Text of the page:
Meanwhile, Robert Reed, who submitted The Arkansas Hemp and Cannabis Amendment, said there will be about 20 volunteers asking for voters' signatures in Pulaski, Garland, Faulkner, Conway, Boone and Randolph counties.

Reed said his measure would establish the right to grow the cannabis plant but allows the Legislature to establish the rules for use, whether it's industrial, medical or recreational.

The amendment was approved by McDaniel in June 2014 -- a fact many people don't know, he said.

"Our biggest problem has been all the recent submittals," he said. "Every time there's a submittal, the media fails to mention that there is a seven-sentence amendment for full legalization."

Reed said he has about 4,000 signatures collected so far.

The Arkansas Hemp and Cannabis Amendment is distinct from The Arkansas Hemp and Marijuana Amendment submitted by Mary Berry, which was also approved by McDaniel, Reed said. He said Berry's measure allows anyone 21 and over to grow up to 36 plants.

Berry does not have a listed phone number and did not return a request for comment on Facebook.

Tim Jacob, spokesman for Arkansas Term Limits, said about 100 canvassers will be collecting signatures for the Arkansas Term Limits Amendment of 2016.

He said that when legislators put Issue 3 on the ballot in 2014, they obscured the term-limit change, which allowed lawmakers to serve up to 16 years in the House, Senate or combination of terms in both.

People should sign the petition to "give the voters of this state a fair chance to make a decision they've already passed in two landslide elections," Jacob said.

The measure, which became Amendment 94 to the Arkansas Constitution, also prohibits elected officials from accepting certain gifts from lobbyists, prohibits direct campaign contributions from corporations and unions, and extends the cooling-off period for lawmakers before they can register as lobbyists.

Before Amendment 94, lawmakers had been limited to six years in the House and eight years in the Senate. Some senators had been able to serve 10 years if they drew a two-year term after winning in the election after once-per-decade redistricting.

The ballot measure proposed by Restore Term Limits would limit representatives to six years in office, senators to eight years and a maximum of 10 years for lawmakers who serve in both chambers. It also would prohibit the Legislature from putting future term-limit measures on the ballot.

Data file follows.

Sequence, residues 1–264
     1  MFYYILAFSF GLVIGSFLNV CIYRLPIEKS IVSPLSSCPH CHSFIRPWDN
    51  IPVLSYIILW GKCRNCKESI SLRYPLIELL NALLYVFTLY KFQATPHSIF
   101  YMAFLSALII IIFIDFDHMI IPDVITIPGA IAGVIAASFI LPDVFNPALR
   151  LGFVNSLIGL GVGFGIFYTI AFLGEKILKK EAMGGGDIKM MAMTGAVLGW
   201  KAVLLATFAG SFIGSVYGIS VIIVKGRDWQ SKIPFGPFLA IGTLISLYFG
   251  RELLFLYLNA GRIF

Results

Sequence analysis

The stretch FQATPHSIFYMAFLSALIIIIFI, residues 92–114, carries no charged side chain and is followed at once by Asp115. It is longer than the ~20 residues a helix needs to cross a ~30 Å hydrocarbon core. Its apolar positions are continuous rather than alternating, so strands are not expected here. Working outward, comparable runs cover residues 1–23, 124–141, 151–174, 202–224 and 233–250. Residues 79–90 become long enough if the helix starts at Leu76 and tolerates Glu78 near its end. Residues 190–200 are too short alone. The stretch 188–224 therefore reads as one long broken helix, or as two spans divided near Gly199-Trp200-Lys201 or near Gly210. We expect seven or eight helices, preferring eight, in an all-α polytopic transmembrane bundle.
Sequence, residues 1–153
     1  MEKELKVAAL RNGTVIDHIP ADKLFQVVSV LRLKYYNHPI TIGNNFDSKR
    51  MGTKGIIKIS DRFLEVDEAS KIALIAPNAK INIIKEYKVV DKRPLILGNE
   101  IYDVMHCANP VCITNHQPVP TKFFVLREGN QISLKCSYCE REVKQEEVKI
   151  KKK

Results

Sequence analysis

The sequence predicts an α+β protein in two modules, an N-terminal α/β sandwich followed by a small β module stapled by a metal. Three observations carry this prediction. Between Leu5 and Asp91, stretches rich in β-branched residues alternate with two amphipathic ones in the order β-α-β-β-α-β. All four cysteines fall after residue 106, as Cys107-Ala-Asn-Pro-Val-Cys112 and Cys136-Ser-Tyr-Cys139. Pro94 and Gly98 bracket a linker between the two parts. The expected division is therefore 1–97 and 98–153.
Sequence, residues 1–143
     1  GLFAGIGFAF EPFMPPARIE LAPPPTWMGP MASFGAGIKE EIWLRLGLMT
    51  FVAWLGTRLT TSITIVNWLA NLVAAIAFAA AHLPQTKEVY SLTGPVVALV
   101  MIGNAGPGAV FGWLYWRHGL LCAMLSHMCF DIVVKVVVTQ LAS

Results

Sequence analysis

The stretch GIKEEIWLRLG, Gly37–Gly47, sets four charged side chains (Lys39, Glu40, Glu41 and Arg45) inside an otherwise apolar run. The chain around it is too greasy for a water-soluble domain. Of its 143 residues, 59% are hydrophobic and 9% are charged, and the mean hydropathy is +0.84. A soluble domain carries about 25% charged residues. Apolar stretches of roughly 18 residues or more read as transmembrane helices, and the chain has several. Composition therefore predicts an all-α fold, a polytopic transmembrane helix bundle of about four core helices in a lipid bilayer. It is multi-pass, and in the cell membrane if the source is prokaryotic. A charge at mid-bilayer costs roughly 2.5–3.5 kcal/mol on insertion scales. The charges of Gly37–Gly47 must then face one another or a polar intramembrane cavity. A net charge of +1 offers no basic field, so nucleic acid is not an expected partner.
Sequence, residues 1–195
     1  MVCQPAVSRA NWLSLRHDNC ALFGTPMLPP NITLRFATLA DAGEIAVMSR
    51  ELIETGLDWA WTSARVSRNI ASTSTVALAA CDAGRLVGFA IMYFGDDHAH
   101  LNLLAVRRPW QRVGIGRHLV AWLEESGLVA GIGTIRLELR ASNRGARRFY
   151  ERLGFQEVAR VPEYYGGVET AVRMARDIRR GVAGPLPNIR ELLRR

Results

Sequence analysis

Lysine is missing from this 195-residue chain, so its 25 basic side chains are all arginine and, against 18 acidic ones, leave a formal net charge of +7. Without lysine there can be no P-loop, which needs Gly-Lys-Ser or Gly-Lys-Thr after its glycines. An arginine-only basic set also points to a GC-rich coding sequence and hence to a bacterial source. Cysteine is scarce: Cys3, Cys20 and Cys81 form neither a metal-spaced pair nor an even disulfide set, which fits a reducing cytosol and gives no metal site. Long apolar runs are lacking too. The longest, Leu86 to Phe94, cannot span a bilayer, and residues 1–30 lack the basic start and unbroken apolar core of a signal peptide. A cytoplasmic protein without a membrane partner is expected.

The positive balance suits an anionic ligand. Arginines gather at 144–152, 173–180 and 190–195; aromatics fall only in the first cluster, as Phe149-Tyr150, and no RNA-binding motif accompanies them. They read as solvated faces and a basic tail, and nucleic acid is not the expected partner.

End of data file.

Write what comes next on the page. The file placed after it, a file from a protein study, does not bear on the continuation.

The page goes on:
For constitutional amendments, supporters need 84,859 verified signatures to make the ballot. Initiated acts require 50,916 signatures. Both initiated ballot measures require signatures from at least 15 counties.

If a ballot measure receives enough valid signatures, it appears on the Nov. 8 ballot.

An initiated act creates a statute that may be altered or repealed by the Legislature by a two-thirds vote. An initiated amendment to the Arkansas Constitution may only be changed by another vote of the people unless otherwise specified.

If voters approve two conflicting ballot measures, the one with more votes becomes law.

Metro on 03/01/2016

Print Headline: Voters getting chance to sign 3 ballot issues


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Archived Comments

  • RBBrittain
    March 1, 2016 at 10:28 a.m.

    Of the "inactive" petitions in the graphic, "A Referendum to Approve or Reject the Arkansas Intrastate Commerce Improvement Act" is absolutely dead, NOT just inactive. That was a referendum petition on an act of the legislature's 2015 regular session; the deadline for that kind of petition is generally 90 days after the session adjourns sine die, which has long since passed. Only initiative petitions, or petitions proposing NEW laws or constitutional amendments, may be circulated at the state level right now; they don't have to be turned in till July 8 (four months before the general election).